Judiciary

Court Closings Announced; Illinois US District Courts Weigh Weekly Shutdowns


Updated: In a drastic measure to deal with severe funding deficits, the U.S. District Court for the Northern District of Illinois may shut down every Wednesday beginning in January 2013.

The proposal by Chief Judge James F. Holderman comes as lawmakers struggle to reach an agreement for reduced federal spending, which could force government agencies to make automatic, across-the-board budget cuts that will eliminate $1.2 trillion in costs over 10 years effective Jan. 2, 2013. His actions preempted the announced closings of six non-resident federal court facilities Thursday in an on-going effort to avoid the worst-case-scenarios of sweeping cuts by the Judicial Conference of the United States.

“As a result of the across-the-board cuts … the Northern District of Illinois will have no choice but to periodically close our courthouses’ doors in Chicago and Rockford and furlough staff due to a lack of funding,” Holderman wrote in a letter (PDF) sent to 45 Illinois bar associations and legal organizations.

In the proposal, Holderman suggests courts may halt all civil and criminal court proceedings every Wednesday from January 2013 through September 2013 to meet budget demands, and also limit the supervision of convicted felons on post-incarceration release and criminal defendants out on bond. He asked for the letter’s recipients, including the American Bar Association, to specifically outline the probable impact of such actions and will send the information to the Administrative Office of the United States Courts.

Numerous delays in criminal matters accompanied by significant costs for longer pretrial detention, possible early release of defendants who pose a public safety risk, and a large-scale economic toll on litigants are among the dire concerns ABA President Laurel G. Bellows cited in her response (PDF).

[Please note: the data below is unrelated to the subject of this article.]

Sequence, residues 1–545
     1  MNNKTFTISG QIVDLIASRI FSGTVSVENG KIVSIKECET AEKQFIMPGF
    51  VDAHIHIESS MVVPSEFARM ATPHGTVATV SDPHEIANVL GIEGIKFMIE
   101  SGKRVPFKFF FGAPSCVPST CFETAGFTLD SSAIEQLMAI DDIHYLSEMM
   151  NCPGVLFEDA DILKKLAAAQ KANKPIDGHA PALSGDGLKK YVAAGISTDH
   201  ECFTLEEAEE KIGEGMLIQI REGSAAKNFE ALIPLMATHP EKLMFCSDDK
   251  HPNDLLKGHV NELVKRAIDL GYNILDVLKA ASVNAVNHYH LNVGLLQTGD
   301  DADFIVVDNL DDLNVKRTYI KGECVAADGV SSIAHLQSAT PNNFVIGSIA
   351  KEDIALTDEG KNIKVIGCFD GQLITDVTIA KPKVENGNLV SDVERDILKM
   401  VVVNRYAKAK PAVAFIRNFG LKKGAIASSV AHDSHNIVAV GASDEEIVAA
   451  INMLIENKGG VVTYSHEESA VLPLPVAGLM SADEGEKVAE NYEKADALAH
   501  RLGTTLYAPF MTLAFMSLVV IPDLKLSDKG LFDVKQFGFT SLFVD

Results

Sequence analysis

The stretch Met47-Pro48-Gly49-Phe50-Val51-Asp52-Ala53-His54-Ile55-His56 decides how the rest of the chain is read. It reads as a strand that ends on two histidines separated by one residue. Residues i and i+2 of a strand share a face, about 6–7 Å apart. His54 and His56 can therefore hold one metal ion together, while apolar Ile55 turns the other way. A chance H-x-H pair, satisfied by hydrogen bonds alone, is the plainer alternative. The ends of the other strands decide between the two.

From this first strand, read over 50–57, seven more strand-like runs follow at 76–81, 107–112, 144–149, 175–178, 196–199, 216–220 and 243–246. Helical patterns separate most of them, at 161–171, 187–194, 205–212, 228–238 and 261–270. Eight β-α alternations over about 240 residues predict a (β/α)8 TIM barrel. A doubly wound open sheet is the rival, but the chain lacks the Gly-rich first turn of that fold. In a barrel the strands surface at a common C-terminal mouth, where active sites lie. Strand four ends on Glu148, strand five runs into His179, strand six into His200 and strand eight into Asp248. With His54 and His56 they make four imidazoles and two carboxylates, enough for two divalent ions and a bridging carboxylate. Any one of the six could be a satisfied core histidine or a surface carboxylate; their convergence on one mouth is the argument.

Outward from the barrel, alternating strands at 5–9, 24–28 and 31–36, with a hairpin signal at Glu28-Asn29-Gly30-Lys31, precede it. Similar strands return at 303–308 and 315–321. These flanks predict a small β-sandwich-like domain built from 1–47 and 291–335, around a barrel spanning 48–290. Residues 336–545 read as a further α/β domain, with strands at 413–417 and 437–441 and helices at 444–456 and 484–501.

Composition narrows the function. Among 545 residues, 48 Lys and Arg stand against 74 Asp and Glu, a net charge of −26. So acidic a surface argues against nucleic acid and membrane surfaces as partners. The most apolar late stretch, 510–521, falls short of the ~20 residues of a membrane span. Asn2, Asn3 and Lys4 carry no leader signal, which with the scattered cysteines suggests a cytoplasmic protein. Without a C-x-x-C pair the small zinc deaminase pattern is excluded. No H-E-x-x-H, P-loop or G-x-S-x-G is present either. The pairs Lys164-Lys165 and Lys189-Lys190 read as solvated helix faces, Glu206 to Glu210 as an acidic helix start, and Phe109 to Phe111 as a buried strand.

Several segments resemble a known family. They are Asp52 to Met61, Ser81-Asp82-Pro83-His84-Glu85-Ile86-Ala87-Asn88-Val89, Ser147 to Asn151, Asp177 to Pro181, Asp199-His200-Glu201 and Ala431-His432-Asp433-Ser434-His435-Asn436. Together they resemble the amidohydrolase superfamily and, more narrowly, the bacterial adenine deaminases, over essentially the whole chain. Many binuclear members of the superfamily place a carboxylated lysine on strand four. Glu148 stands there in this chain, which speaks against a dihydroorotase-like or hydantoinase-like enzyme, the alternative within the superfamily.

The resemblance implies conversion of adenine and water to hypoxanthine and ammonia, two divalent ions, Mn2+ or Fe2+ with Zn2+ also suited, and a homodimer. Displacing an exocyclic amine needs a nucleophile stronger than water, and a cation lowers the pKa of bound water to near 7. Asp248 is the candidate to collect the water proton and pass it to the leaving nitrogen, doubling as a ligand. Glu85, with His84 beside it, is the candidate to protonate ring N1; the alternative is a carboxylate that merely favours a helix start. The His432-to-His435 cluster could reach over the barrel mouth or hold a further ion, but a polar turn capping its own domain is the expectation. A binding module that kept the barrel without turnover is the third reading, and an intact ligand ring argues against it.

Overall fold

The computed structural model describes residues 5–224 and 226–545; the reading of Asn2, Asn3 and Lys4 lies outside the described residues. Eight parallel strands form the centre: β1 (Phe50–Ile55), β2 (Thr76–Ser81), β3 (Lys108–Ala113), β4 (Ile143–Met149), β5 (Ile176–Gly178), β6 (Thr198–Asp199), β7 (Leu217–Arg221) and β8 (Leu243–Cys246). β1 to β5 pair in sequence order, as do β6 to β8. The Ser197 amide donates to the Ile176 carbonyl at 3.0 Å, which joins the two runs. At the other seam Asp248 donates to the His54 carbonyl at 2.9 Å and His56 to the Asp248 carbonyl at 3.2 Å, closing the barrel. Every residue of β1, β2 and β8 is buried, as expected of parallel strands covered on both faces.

“Economists who have calculated the direct and indirect costs of such delays conclude that there is no net benefit of these cost reductions,” Bellows wrote, summarizing recent findings of the ABA Task Force on the Preservation of the Justice System.

“The failure to adequately fund our courts also threatens the checks and balances of our constitutional system,” she adds. “Adequate funding is necessary to protect judicial independence and the fundamental rights of all citizens.”

In addition to today’s announcement to close courts in South Carolina, North Carolina, Mississippi, Texas, Alabama and Kentucky, the Judicial Conference also asked district court units to adopt shared administrative services, took specified measures to curb printing and mailing costs, and approved the national implementation of a program to provide free online access to court opinions, according to a news release.

“We estimate sequestration [the freezing of a government agency’s funds] would cut the Judiciary’s budget by more than $500 million below the 2012 funding level,” Judge Julia Gibbons, chair of the Judicial Conference Budget Committee, told members of the policy-making body for the federal court system. “Quite simply, a reduction of this magnitude would cripple the operations of the federal Judiciary and our constitutional mission would be compromised due to these sudden, arbitrary budget cuts.”

Updated on Sept. 11 to include the actions of the Judicial Conference of the United States.

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